Choosing a GPS chartplotter that is right for your and your vessel depends largely on how you intend to use this particular navigation tool, how much you intend to spend, where you will place the unit, and finally what other gear you plan to interface with the chartplotter.
It is all about knowing your needs as a boater and finding a chartplotter that can meet those needs. After all, who wants to spend hundreds or even thousands of dollars on the wrong product?
A number of boat electronics manufacturers including Furuno, Garmin, Raymarine, Standard Horizon, Lowrance, and Humminbird have inundated the market with chartplotters that start in price from roughly $400 and goes upwards from there into the multi-thousand dollar range.
The more expensive units have larger, high resolution color screens, more memory, and faster processors. Multi-function capability or the ability to be linked to other pieces of electronics also comes into play with the pricier gear.
Cheaper models have smaller screens, fewer features, slower processors and less memory. Still, the less expensive units are quality products that provide a helmsman with navigation information that was simply not available to the recreational boater a few years ago.
Choosing a GPS Chartplotter—Mounting Method
The GPS chartplotter must match your type of boating and agree with your budget while the physical unit itself must fit your boat. There are two main types of mounting options.
All but the largest fixed-mount displays can be bracket mounted. The bracket is usually supplied as part of the package by the maker and can be used to install the unit on the helm dash or in an overhead electronics box. With this installation, you have the freedom to mount the unit close to your line of site and to easily remove the unit when the boat is not in use. Another plus, most mounting brackets allow the unit to swivel sideways and vertically.
The second type of installation is flushing mounting the unit in the helm console. Flush mounting can be more complicated but brings a lot to the table and can be accomplished by even novice boat electronics installers. Flush mounting gives you a clean look, instant access to the unit while at the helm station, and it saves space. Many boat manufacturers install a lockable door to protect the flush-mounted chartplotter and other pieces of marine electronics from weather and thievery.
Display Screen Size Matters
Next up when choosing a GPS chartplotter is screen size. Choose a chartplotter with the largest display screen that will still fit comfortably at your chosen mounting location. With a larger screen you get more pixel which in turn offers the viewer a greater level of detail on the chart as well as additional space for other information. Screens vary from about 5 inches diagonal to 12 inches diagonal. With evolving technology, it stands to reason that the screens will get bigger, better, and cheaper—this all bodes well for marine navigators.
Screen glare used to be a downside for marine chartplotters with an LCD screen. But things have improved on this front thanks to technological advances in screen coatings and materials, such as thin-film transistor technology. Many of the lower-cost, smaller units have clear, crisp color screens. In other words, you don’t have to spend a load of money to get a chartplotter with a quality screen.
Your marine chartplotter needs to be user friendly, look for units with high marks for user interface. Most marine chartplotters have front-mounted buttons with some high-end models having a touch screen interface or special soft keys for quick access to important functions. The hardware and pushbuttons are not as important as the actual interface programming.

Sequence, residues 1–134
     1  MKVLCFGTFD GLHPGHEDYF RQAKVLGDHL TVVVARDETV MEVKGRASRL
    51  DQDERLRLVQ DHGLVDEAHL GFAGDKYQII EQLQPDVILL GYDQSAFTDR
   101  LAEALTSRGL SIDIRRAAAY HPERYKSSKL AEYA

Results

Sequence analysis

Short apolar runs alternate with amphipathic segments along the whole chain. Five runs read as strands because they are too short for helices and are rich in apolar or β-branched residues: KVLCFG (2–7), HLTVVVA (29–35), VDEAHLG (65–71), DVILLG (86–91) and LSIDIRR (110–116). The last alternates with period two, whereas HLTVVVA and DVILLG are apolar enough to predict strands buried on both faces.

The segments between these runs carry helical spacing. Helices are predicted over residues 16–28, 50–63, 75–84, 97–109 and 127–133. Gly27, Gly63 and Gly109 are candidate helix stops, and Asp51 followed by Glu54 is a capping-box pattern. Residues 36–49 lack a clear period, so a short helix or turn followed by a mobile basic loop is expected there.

One performance issue that can be a factor, especially when a external chart card is used, is the speed of the internal processor. Some are simply faster than others and should be a consideration when choosing a GPS chartplotter for your boat. The amount processor power a unit has will determine how fast your plotter will redraw screens as your boat moves or your range the chart. Great improvements have been made in this area in the last several years.
Accuracy of today’s GPS machines is better than ever and not really a significant consideration when purchasing. Most new marine chartplotters are WAAS-capable, meaning they are usually accurate to within about 10 feet.
Here’s a big consideration when choosing a GPS chartplotter. You need to ask yourself if you going to buy a standalone plotter, a multi-function plotter or a chartplotter/fishfinder combination unit? It boils down to needs, space and the size of your wallet. If you don’t fish or already have a sounder, the combo is out. But what if you want radar—or maybe you are going to want it later? Well then, a basic multi-function unit may be your choice. If you want it all in one package, which includes chartplotter, radar and a fishfinder, then the multi-function is the way to go.
More on Connectivity
If you intend to integrate your marine electronics components, then you need to become familiar with the terms, NMEA0183 and NMEA 2000. Both are simple terms referring to an interface standard that allows communication between marine electronic devices. The National Marine Electronics Association or NMEA sets the standards.
The older protocol, NMEA0183 allows the transfer of basic information between a chartplotter, marine VHF radio, and marine autopilot. Faster versions of the NMEA0183 protocol allow data transfer speeds high enough to connect an AIS system to your chartplotter.
The newest communication protocol is NMEA2000, which can also allow steering systems, engines, electrical power generation and distribution systems, fire control systems, as well as a wide variety of other gear to interface with your marine chartplotter.
As you can see, marine chartplotters for the recreational boater have come a long way and will continue to improve as technology advances.